Thursday, July 19, 2012

The Cover-Up

When you’re a kid, there comes that time when you’ve covered up something that you thought could have dire consequences, only to discover that it would have saved so much time and energy if you’d just told the truth. Nearly 12-year-old Stella makes this discovery the hard way (is there any other way?) in Summer of the Gypsy Moths by Sara Pennypacker.

By the end of chapter two, Stella’s great-aunt Louise has died. Stella comes home from school to find Louise dead in front of the television set. Stella and Angel, the other girl Louise has taken in, decide they’d better hide the fact or risk becoming wards of the state. Their plan to dig a hole in the backyard for Louise’s body, and to say that the woman broke her ankle works even better and for longer than they want it to. Much of the book’s humor stems from their nearly 12-year-old thinking and how they pull off assuming Louise’s duties managing the summer rental cottages next door. Self-reliance and resourcefulness are their greatest assets and also their Achilles’ heel.

Both girls have had to grow up more quickly than most their age—Stella because of her mother’s frequent disappearances, and Angel because her parents both passed away. So their matter-of-fact handling of Louise’s death comes across credibly, and the comic moments increase as they get more deeply invested in their cover-up. They also come to appreciate each other’s strengths: Angel’s a better liar (which helps them carry off their masquerade), and Stella is a better cleaner (which helps convince owner George Nickerson that Louise is still following through on her duties).

All the while, Sara Pennypacker envelops us in the warmth of the Cape Cod sun, the smell of the sea, and the rhythms of the renters coming and going. The humor and authentic dialogue contribute to a great read-aloud experience, but Pennypacker also gently raises questions of when is it okay to tackle things on your own, and when is it time to ask for help? Is it ever okay to lie? What is a true friend? Pennypacker never makes the children seem at risk—what the children fear could happen is far worse than what does happen. At the same time, the author creates living, breathing girls whom we care about and whose fates matter to us. Each lives with sadness, but the girls don’t dwell on that. They forge ahead, often with humor and a determination to solve whatever challenge lies ahead.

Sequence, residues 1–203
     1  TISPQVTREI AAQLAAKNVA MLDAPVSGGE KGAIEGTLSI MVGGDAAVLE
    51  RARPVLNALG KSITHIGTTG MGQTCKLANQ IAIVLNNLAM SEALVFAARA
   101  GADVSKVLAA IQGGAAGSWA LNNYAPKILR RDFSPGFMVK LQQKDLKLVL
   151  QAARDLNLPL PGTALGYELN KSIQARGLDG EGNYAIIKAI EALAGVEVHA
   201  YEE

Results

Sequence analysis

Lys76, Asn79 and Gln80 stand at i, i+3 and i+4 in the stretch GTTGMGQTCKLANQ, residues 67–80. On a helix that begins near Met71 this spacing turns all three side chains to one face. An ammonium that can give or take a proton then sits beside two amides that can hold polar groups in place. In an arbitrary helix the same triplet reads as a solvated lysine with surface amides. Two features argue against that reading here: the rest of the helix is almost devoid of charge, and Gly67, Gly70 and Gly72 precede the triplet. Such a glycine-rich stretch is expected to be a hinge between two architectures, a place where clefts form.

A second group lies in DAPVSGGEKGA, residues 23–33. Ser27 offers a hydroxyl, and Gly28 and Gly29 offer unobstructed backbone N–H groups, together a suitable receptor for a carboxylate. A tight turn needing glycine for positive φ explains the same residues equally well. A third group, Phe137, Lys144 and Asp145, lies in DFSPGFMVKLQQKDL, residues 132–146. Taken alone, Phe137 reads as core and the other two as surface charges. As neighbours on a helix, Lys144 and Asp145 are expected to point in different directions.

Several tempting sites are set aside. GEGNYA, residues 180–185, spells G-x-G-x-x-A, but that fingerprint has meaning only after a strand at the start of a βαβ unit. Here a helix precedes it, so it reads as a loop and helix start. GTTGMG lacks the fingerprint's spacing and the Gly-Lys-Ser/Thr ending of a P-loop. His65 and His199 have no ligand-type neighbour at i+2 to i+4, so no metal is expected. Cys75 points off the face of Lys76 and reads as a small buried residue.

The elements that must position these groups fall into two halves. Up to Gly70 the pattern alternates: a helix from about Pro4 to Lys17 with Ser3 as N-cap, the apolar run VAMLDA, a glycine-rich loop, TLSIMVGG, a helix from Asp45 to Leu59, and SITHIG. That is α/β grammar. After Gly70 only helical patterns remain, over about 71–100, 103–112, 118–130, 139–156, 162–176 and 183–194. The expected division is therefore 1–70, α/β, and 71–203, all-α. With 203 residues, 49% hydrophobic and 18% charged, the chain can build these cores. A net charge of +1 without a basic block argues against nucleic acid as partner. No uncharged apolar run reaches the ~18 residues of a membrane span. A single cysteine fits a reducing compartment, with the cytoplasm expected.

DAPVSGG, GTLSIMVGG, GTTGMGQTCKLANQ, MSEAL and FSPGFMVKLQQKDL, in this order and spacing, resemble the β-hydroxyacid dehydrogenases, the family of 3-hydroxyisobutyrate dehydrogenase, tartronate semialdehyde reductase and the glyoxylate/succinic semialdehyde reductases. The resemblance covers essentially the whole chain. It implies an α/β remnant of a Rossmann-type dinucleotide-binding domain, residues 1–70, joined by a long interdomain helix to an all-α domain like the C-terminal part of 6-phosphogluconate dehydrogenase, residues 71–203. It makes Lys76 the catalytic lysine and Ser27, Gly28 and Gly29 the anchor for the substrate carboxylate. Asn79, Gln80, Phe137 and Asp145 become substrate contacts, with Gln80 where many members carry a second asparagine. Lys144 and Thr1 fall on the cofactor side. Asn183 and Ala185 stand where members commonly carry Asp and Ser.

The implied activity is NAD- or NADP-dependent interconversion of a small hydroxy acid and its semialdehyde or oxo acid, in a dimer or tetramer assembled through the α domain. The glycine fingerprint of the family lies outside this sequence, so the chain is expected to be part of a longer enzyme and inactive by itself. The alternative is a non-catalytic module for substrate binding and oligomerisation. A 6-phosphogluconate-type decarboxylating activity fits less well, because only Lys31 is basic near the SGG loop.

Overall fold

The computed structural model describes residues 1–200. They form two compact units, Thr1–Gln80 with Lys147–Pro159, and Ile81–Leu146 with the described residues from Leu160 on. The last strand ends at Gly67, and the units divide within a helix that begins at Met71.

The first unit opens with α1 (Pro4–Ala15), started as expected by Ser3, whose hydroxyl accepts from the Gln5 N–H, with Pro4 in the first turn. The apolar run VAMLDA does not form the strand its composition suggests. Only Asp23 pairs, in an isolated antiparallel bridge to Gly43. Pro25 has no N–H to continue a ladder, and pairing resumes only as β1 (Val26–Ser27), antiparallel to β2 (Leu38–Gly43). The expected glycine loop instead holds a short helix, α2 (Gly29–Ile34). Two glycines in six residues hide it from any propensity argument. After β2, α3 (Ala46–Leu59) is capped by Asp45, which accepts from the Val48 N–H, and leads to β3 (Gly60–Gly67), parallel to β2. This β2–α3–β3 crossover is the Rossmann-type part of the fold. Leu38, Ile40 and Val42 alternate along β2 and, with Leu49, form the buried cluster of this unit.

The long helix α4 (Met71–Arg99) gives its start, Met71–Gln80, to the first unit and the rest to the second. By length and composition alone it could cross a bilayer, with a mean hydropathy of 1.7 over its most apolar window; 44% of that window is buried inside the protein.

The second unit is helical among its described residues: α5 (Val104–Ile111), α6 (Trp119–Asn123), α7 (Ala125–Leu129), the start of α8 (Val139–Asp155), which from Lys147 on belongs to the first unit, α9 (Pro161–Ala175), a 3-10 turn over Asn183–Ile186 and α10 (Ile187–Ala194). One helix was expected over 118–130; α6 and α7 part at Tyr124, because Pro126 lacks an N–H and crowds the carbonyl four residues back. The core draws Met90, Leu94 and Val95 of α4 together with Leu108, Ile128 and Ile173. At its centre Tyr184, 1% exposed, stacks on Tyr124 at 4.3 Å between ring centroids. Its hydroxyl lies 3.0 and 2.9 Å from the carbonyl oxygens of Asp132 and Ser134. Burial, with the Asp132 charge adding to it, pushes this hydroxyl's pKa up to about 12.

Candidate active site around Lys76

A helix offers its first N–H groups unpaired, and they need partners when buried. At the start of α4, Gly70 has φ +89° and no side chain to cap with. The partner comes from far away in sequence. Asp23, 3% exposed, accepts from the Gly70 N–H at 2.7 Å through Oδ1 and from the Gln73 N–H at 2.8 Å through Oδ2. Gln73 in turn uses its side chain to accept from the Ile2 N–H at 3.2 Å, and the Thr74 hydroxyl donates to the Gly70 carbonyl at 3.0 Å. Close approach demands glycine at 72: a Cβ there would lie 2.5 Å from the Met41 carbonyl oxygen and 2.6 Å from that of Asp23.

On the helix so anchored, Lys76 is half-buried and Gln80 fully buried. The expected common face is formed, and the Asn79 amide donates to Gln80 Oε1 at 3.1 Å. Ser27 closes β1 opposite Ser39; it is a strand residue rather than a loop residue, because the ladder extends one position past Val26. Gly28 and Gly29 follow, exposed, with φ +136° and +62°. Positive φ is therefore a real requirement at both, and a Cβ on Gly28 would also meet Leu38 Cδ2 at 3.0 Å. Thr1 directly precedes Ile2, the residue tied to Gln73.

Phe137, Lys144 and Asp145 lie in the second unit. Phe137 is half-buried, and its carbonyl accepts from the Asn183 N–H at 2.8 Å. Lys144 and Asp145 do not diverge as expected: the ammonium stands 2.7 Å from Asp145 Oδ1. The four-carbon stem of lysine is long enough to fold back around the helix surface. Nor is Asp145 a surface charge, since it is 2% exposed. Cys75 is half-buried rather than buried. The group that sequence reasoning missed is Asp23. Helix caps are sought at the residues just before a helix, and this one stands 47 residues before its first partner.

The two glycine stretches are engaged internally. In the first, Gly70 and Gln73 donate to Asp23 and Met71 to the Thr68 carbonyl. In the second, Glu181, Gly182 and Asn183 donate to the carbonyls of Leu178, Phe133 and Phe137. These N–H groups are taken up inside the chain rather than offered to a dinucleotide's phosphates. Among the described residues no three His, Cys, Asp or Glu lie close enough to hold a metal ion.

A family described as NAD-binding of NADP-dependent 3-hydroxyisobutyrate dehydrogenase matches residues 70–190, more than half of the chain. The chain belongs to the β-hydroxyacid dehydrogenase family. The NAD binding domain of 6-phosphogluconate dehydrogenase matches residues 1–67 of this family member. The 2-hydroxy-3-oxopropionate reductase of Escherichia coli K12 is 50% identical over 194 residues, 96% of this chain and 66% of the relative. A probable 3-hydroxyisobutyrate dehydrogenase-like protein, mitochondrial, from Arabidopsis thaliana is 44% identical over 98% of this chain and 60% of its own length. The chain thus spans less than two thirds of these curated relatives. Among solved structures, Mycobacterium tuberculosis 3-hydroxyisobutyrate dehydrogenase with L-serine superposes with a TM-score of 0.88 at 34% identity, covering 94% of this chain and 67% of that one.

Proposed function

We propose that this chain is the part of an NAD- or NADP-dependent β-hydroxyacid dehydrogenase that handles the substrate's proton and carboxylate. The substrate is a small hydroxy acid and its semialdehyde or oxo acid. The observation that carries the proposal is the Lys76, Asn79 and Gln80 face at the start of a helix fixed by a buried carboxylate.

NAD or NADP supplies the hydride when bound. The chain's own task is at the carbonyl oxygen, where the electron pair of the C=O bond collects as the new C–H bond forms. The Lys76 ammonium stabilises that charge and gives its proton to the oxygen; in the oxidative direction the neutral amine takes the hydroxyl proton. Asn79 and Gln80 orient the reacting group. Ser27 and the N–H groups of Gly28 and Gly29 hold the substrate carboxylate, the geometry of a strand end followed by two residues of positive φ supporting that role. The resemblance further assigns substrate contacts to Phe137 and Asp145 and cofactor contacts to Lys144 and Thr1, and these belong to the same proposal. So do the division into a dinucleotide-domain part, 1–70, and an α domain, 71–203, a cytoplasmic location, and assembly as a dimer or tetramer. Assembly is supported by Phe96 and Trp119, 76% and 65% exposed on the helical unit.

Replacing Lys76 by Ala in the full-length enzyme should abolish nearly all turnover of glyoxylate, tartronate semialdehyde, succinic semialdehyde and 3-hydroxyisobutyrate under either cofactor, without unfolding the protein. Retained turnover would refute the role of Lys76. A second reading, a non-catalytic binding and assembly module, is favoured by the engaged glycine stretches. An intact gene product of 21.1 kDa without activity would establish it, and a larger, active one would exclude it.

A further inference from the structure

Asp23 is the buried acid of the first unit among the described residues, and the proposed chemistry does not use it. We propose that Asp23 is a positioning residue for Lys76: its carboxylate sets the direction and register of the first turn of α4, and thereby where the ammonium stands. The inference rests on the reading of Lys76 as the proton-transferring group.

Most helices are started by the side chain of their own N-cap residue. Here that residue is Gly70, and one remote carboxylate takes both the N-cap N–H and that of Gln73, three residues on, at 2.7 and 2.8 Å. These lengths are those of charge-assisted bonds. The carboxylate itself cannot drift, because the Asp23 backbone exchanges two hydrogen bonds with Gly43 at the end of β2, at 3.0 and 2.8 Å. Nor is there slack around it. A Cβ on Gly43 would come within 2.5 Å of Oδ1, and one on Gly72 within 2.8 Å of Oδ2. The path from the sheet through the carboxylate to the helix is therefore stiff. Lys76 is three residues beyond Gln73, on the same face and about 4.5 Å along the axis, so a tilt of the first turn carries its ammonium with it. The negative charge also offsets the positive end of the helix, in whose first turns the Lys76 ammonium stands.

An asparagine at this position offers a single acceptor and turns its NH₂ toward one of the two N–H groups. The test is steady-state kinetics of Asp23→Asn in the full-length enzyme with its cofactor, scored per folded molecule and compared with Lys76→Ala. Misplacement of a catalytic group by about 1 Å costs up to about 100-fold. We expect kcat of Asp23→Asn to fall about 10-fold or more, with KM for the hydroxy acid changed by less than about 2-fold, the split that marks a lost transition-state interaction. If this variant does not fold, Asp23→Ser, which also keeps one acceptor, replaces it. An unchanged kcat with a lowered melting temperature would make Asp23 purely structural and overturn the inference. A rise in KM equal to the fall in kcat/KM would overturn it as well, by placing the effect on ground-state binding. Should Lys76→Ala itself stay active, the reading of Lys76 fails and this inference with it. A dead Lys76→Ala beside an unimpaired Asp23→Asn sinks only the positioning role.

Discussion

1. I loved this book so much! And you've pinpointed well why it works so effectively.

  2. I read this book and was quite surprised at its content. The cover-up was a pretty serious one in this day and age. The writing was excellent.

  3. Thank you both for writing -- the girls hiding the truth about Louise is indeed serious, but their motive is compelling. They don't want to be sent away again. And they do try to tell George the truth, but he doesn't have time to hear it. Also, we do have the sense that they can get help if they really need it.